Breast- Inflammatory D/O Flashcards Preview

2H. Pathology > Breast- Inflammatory D/O > Flashcards

Flashcards in Breast- Inflammatory D/O Deck (39):
1

Inflammatory Disorders

  1. Acute Mastitis
  2. Periductual Mastitis
  3. Mammary Duct Ectasia
  4. Fat Necrosis
  5. Lymphocytic Mastopathy (sclerosing Lymphocytic Lobulitis
  6. Granulomatous Mastitis

2

________________ of the breast are uncommon, accounting for less than 1% of women with
breast symptoms
.

 

Inflammatory diseases

3

What is the  usual presentation of breast inflammation? _______________
 

erythematous swollen painful breast.

4

“Inflammatory breast cancer” mimics inflammation by __________________ and should always be suspected in a
nonlactating woman with the clinical appearance of mastitis.

obstructing dermal vasculature with tumor emboli,

resulting in an enlarged erythematous breast,

5

ACUTE MASTITIS
Almost all cases of acute mastitis occur during the ______________

first month of breastfeeding. 

 

 

6

What is the reason behind why Acute Mastitis occur during the first month of breastfeeding?

During this time the breast is vulnerable to bacterial infection because of the development of cracks and
fissures in the nipples. 

From this portal of entry, Staphylococcus aureus or, less commonly, streptococci invade the breast tissue. 

The breast is erythematous and painful, and fever is
often present. 
At the outset only one duct system or sector of the breast is involved.

If not treated the infection may spread to the entire breast.

7

What is the morphology of Acute Mastitis caused by Staphylococcal infection?

Morphology.

Staphylococcal infections usually produce a localized area of acute
inflammation
that may progress to the formation of single or multiple abscesses.
 

8

What is the morphological difference of Acute Mastitis caused by Streptococcal infection?

Streptococcal infections tend to cause (as elsewhere) a diffuse spreading infection that eventually involves the entire breast. The involved breast tissue is infiltrated by neutrophils
and may be necrotic.

9

Most cases of lactational mastitis are easily treated with _______________________________________

  • appropriate antibiotics
  • and continued expression of milk from the breast. 

 Rarely, surgical drainage is required.

10

PERIDUCTAL MASTITIS
This condition is known by a variety of names, including recurrent _________________

 

  • subareolar abscess,
  • squamous metaplasia of lactiferous ducts,
  • and Zuska disease.

11

What is the presentation of men and women periductal mastitis?

 Women, and sometimes men,
present with a painful erythematous subareolar mass that clinically appears to be an infectious
process.

 

12

In periductal mastitis, more than 90% of the afflicted are ____________

 

 

smokers

13

Periductal Mastitis is a condition is not associated with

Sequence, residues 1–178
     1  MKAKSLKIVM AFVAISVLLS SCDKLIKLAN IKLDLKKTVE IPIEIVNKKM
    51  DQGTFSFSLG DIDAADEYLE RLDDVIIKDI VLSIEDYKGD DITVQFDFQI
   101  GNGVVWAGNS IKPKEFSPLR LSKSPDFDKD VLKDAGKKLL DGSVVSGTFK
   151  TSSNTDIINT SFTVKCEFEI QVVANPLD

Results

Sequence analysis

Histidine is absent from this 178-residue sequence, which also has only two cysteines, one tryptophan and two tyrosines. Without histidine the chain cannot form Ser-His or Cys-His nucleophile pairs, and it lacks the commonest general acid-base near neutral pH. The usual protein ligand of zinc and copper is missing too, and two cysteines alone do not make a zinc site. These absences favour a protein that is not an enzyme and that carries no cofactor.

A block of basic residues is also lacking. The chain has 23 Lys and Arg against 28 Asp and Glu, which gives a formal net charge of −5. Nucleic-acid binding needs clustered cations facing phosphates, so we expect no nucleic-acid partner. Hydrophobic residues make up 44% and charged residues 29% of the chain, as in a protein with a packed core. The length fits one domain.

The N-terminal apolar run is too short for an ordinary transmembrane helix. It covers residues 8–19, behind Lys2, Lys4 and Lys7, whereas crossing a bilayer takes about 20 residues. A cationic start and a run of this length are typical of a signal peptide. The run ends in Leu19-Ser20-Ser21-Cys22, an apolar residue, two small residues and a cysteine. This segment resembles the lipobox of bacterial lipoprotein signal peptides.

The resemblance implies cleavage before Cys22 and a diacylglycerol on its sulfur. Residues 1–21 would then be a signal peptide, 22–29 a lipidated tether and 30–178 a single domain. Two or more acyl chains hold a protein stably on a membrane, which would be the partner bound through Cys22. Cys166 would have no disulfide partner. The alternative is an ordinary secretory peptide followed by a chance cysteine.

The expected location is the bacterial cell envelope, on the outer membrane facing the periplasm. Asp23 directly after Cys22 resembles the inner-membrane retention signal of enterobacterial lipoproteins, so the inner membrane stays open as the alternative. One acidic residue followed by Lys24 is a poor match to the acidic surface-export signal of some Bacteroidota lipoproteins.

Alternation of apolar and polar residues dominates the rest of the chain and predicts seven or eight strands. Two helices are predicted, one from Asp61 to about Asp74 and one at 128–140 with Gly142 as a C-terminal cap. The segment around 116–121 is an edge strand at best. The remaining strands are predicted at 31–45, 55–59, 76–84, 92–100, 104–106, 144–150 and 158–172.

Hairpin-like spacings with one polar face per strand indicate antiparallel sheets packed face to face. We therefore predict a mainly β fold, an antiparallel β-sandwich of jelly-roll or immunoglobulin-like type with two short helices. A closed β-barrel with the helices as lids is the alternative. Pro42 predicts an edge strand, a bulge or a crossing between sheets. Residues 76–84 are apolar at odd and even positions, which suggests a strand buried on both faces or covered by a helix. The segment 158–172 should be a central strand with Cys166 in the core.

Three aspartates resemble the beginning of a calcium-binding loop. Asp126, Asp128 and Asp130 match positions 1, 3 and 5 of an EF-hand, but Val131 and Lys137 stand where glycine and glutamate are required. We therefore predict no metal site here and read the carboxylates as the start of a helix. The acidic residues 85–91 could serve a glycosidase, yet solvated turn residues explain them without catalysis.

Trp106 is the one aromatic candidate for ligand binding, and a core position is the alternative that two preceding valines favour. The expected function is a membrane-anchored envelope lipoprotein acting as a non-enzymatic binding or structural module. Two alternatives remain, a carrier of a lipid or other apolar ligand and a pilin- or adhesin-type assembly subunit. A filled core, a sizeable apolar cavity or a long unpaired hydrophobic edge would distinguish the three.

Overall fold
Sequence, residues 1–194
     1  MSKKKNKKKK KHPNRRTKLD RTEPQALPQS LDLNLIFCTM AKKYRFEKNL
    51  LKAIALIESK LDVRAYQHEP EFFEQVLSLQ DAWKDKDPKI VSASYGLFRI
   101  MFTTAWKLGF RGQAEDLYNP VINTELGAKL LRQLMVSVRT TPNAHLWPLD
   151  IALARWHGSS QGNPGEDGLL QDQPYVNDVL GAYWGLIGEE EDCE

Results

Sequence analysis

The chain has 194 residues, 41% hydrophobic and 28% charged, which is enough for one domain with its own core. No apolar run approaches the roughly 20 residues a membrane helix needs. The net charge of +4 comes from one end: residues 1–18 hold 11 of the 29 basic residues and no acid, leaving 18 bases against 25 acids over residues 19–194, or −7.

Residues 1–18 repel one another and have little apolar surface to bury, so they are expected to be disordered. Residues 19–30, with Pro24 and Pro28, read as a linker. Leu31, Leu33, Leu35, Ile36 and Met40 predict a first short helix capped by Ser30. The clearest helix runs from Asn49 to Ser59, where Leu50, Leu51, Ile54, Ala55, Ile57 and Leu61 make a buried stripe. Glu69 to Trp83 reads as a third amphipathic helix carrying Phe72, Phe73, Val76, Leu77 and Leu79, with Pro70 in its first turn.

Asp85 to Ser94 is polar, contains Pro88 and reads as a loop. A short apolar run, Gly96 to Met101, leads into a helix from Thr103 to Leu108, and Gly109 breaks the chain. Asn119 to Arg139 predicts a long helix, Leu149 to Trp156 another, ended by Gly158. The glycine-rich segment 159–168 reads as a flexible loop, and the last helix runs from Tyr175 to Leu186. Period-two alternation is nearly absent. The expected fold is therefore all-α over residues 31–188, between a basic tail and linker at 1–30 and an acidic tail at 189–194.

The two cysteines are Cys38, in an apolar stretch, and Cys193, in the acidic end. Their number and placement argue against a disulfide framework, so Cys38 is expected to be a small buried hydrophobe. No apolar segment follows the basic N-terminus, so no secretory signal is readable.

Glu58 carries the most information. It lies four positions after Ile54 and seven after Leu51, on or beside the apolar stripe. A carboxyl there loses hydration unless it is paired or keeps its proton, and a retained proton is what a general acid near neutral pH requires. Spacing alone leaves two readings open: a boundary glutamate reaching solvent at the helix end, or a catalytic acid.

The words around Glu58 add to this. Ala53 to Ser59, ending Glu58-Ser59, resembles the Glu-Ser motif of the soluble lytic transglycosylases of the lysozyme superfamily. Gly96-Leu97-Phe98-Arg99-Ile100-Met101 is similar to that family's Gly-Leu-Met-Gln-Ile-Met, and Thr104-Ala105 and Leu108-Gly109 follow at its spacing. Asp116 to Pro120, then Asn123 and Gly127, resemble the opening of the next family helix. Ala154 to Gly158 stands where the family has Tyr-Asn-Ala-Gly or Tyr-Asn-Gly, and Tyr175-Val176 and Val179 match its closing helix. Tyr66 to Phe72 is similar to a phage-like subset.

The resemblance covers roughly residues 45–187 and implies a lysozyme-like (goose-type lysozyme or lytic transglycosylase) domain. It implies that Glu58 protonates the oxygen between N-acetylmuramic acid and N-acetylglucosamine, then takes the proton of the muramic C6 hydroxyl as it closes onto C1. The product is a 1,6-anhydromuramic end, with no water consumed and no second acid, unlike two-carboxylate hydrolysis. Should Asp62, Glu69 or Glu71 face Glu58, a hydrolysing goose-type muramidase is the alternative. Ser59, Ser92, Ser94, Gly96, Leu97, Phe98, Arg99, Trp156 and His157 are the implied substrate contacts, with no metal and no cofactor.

_______________

  • lactation,
  • a specific reproductive history,
  • or age

 

14

In Periductal Mastitis in recurrent cases, a fistula tract often tunnels under the smooth muscle of the nipple and opens onto the skin at the edge of the areola.

 

Many women with this condition have an____________ most likely as a secondary effect of the
underlying inflammation.

 

 inverted nipple,

15

​in Periductal Mastitis ,the strong association with cigarette smoking is intriguing. It has been suggested that the _______________alter the differentiation of the ductal epithelium

 

vitamin A deficiency associated with smoking or toxic substances in tobacco smoke 

16

What is the key histologic feature of Periductal Mastitis?  

keratinizing squamous metaplasia of the nipple
ducts
( Fig. 23-5 ).

Keratin shed from these cells plugs the ductal system, causing dilation and eventually rupture of the duct.

An intense chronic and granulomatous inflammatory response
develops once keratin spills into the surrounding periductal tissue. Sometimes a secondary bacterial infection supervenes and causes acute inflammation.

 

Recurrent subareolar abscess.

When squamous metaplasia extends deep
into a nipple duct, keratin becomes trapped and accumulates. If the duct ruptures, the
ensuing intense inflammatory response to keratin results in an erythematous painful mass.
A fistula tract may burrow beneath the smooth muscle of the nipple to open at the edge of
the areola.

17

 

What is the treatment of Periductal Mastitis?

 

In most cases en bloc surgical removal of the involved duct and contiguous fistula tract is
curative.
[7

] Simple incision drains the abscess cavity, but the offending keratinizing epithelium
remains and recurrences are common
.

When bacterial infection is present, antibiotics also have
a therapeutic role.

18

This disorder tends to occur in the fifth or sixth decade of life, usually in multiparous women.
Unlike periductal mastitis, it is not associated with cigarette smoking.

 

MAMMARY DUCT ECTASIA

19